Canandaigua (Utaʼnaráhkhwaʼ in Tuscarora) is a city in Ontario County, New York, United States. Its population was 10,545 at the 2010 census. It is the county seat of Ontario County; some administrative offices are at the county complex in the adjacent town of Hopewell.
The name Canandaigua is derived from the Seneca name of its historic village here, spelled variously Kanandarque, Ganandogan, Ga-nun-da-gwa, or Konondaigua, which was established long before any European Americans came to the area. In a modern transcription, the historic village is rendered as tganǫdæ:gwęh, which means "place selected for a settlenment" or "at the chosen town".
The city is surrounded by the Town of Canandaigua. The City of Canandaigua is on the northern end of Canandaigua Lake, 24 miles (39 km) southeast of Rochester, 68 miles (109 km) west of Syracuse, and 93 miles (150 km) east of Buffalo. Parts of six neighboring towns also share the Canandaigua mailing address and 14424 ZIP code.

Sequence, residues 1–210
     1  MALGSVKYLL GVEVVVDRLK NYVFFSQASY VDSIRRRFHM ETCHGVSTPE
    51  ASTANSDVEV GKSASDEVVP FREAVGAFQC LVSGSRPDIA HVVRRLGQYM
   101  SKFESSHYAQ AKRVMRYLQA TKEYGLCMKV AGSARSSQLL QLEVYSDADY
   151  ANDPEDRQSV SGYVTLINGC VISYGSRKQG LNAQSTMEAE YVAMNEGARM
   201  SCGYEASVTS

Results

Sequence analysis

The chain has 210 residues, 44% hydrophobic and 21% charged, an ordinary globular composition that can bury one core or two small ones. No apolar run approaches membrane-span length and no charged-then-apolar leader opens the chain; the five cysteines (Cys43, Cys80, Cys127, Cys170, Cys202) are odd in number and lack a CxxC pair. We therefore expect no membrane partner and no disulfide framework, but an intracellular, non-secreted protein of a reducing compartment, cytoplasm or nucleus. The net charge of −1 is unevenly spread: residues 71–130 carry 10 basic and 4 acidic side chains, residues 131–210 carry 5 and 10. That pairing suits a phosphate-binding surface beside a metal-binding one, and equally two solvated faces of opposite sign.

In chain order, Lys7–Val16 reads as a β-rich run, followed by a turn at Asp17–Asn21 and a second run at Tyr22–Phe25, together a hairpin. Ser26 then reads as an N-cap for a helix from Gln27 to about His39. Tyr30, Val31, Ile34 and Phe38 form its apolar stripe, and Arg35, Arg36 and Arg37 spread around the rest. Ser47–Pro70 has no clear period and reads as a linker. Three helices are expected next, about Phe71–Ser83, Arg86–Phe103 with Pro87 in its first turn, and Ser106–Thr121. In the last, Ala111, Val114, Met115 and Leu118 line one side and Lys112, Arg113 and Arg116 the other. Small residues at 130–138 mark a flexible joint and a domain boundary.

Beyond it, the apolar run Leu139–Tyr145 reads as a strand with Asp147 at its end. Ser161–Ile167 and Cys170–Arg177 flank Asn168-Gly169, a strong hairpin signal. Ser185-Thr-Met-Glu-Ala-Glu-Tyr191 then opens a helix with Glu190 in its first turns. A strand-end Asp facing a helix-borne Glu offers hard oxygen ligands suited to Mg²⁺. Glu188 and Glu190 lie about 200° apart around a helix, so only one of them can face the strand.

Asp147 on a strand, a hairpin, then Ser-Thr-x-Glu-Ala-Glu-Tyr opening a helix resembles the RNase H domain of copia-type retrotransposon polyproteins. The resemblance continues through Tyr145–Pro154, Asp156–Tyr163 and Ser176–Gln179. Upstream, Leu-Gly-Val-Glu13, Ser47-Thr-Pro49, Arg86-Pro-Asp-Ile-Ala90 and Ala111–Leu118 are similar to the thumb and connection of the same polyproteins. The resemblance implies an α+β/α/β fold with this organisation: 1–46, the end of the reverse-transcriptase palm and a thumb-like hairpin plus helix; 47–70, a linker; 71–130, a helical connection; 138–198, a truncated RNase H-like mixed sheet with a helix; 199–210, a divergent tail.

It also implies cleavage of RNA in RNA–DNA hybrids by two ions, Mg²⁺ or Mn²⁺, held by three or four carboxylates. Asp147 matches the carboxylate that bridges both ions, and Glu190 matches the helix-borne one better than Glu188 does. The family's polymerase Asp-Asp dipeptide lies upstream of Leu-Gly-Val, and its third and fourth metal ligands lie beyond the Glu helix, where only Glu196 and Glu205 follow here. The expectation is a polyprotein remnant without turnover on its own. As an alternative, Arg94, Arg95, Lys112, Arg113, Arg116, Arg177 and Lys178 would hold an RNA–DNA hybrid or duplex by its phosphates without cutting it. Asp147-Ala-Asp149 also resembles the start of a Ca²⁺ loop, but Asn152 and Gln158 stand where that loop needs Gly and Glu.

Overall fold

The Finger Lakes are a group of eleven long, narrow, roughly north–south lakes in an area called the Finger Lakes region in New York, in the United States. This region straddles the northern and transitional edge, known as the Finger Lakes Uplands and Gorges ecoregion, of the Northern Allegheny Plateau and the Ontario Lowlands ecoregion of the Great Lakes Lowlands.The geological term finger lake refers to a long, narrow lake in an overdeepened glacial valley, while the proper name Finger Lakes goes back to the late 19th century. Cayuga and Seneca Lakes are among the deepest in the United States, measuring 435 feet (133 m) and 618 feet (188 m) respectively, with bottoms well below sea level. Though none of the lakes' width exceeds 3.5 miles (5.6 km), Seneca Lake is 38.1 miles (61.3 km) long, and 66.9 square miles (173 km2), the largest in total area.